If at first you don't succeed; call it version 1.0
Monday, 25 September 2006

The code for exploiting the unpatched VML vulnerability is in-the-wild for a week or so. This was enough time for Anti Virus, IPS/IDS and other reactive security products' vendors to create a signature for the in-the-wild exploit.
So, I put my hand on one of the in-the-wild and tested it using Virus Total. The results were not so good. Only 10 of 27 Anti-Viruses detected the exploit on the malicious web page.
According to ISC diary: "Some reports indicate that client-side anti-virus is not sufficient to protect, some AV apparently only catches the VML exploit code once Internet Explorer writes the temp file to disk, which can be too late.".
Now, what if the exploit is detected by the AV signatures? Are those signatures generic enough? I've decided to check it out.

I've used 5 simple methods, trying to evade being detected by the signature:
1) I've replaced the location where EIP should jump when the exploit is activated, with a different valid address.
2) I've replaced the VML element from "rect" with one of the other VML elements.
3) I've replaced the payload with a different valid shell code.
4) I've replaced the namespace key with a random key.
5) A combination of all of the above.

Please note that when I changed the code using any of the methods, the exploit still worked.

The following is the results of each evasion method, when tested using Virus Total:
1) Only 8 of the 10 Anti-Viruses detected the exploit.
2) Only 6 of the 10 Anti Viruses detected the exploit.
3) Only 5 of the 10 Anti-Viruses detected the exploit.
4) Only 5 of the 10 Anti-Viruses detected the exploit.
5) Only 1 (one!) of the 10 Anti-Viruses detected the exploit.

IPS/IDS vendors also wrote signatures for detecting exploitation of the VML vulnerability.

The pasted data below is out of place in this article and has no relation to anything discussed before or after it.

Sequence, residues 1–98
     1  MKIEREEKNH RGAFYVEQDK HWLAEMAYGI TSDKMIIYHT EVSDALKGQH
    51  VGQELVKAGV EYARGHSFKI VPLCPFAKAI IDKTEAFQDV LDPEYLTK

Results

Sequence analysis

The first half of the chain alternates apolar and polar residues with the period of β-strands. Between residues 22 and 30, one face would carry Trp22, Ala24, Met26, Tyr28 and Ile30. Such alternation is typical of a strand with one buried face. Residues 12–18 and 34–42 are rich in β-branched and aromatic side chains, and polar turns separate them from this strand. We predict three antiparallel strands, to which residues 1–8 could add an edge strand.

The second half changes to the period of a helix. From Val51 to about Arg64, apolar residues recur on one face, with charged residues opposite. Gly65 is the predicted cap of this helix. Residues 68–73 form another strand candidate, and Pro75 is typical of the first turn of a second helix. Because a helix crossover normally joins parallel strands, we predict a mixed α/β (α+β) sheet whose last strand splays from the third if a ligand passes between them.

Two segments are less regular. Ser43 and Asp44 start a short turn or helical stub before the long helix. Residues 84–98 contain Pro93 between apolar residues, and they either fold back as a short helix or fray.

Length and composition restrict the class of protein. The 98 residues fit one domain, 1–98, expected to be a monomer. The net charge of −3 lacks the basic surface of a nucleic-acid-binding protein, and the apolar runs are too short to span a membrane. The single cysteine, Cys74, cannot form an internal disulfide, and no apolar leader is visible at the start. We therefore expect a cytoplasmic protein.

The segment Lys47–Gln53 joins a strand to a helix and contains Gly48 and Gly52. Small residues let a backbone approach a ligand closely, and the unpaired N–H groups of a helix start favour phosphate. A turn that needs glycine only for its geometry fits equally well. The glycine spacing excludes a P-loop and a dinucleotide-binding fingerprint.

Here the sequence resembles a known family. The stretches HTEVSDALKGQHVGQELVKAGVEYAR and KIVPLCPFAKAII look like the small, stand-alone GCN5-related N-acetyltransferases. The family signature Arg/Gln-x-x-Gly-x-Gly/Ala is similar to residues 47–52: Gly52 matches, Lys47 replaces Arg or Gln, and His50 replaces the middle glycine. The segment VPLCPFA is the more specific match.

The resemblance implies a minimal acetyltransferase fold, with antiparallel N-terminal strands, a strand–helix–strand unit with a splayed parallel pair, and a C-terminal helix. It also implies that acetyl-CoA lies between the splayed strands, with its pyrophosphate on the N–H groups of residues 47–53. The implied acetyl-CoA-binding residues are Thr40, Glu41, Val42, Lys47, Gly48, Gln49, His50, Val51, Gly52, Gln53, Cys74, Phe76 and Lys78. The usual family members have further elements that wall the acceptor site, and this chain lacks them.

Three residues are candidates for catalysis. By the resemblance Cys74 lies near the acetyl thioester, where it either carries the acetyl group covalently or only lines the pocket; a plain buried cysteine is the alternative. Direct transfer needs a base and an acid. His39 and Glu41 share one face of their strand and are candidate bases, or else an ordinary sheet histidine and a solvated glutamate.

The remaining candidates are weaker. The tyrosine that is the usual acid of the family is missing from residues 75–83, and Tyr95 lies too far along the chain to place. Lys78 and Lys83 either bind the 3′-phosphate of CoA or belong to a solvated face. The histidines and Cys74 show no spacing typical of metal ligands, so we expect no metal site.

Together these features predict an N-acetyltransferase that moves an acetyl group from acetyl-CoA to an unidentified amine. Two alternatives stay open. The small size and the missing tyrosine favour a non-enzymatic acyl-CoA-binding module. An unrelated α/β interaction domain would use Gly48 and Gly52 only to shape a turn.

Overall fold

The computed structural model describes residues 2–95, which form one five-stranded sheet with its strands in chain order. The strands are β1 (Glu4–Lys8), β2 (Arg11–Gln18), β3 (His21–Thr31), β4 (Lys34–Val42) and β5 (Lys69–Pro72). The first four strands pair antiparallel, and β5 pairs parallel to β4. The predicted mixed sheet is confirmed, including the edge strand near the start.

According to a post in the Bleeding Edge Snort forums: "this signature 2003106 that should detect a vml exploit is a bit too generic." .
I say the opposite! The signature is too specific. It can be easily bypassed, by using method 2 or method 4.

As you can see, evading AV/IPS/IDS signatures of web page exploits is too easy.

P.S. Randomization of any of the evasion methods (e.g. using a random VML element) can be implemented by using server side scripting.

[UPDATE:] H.D. Moore has published a new metasploit module for the VML vulnerability. This module uses evasion methods 2 and 4. It also uses an evasion technique I did not mention - Randomizing javascript variables. So, it will probably not be detected by most AV/IPS/IDS signatures.
[UPDATE2:] According to H.D. Moore, the new module is not detected by any of the current AV/IPS/IDS signatures. Virus Total test confirms this.

Monday, 25 September 2006 00:13:58 UTC | Comments [4] | Security#
Thursday, 28 September 2006 07:28:25 UTC
Good point in that the signature 2003106 is too specific and can be worked around with the methods you describe. However, I think it is also too generic as it would fire on any ol vml contained in a page. I think, considering this specific case, we need an enumeration of specific rules that address these evasion techniques. Do you have any suggestions on how signatures should be structured to catch these evasion techniques or specific tests signature creators should use to catch potential "evasion holes" in the signatures they create?
Thursday, 28 September 2006 08:37:47 UTC
There is no possible generic rule without implementing a fully scaled Javascript interpreter. Anything else can easily be circumvented. It's always easier to point out problematic things with an approach than to come up with a working solution. That's why so many people point and scream, but are unable to contribute in a positive manner to fix the problem or even offer protection.

Aviv, you're stating the obvious for security experts (useless effort), and show script kids the way to get undetected (morally questionable). And no I am not a fan of security by obscurity, but I am an enemy to teaching people how to do bad stuff.
Thursday, 28 September 2006 18:13:50 UTC
@Christian: frug is partially right. You will need a lexical parser to create a sort of generic rule.

@frug: Sorry, but I disagree. There are solutions out there that do the work just fine. I just point and scream about that signature based solutions are not enough. If it's too obvious for security experts, they wouldn't suggest signature based solutions for their customers, and we all agree that they do that as of today.
Thursday, 28 September 2006 19:46:26 UTC
Show me the solution on a gateway, without false positives and reasonable scan times/performance which detect all types of obfuscation... Snort rules certainly cannot be what you mean ;) I've had a look at them, and they are ridiculously inefficient both in reliability and false positives.

Gateway scanners at their ISP still are the only line of defense for many careless/unknowing users.
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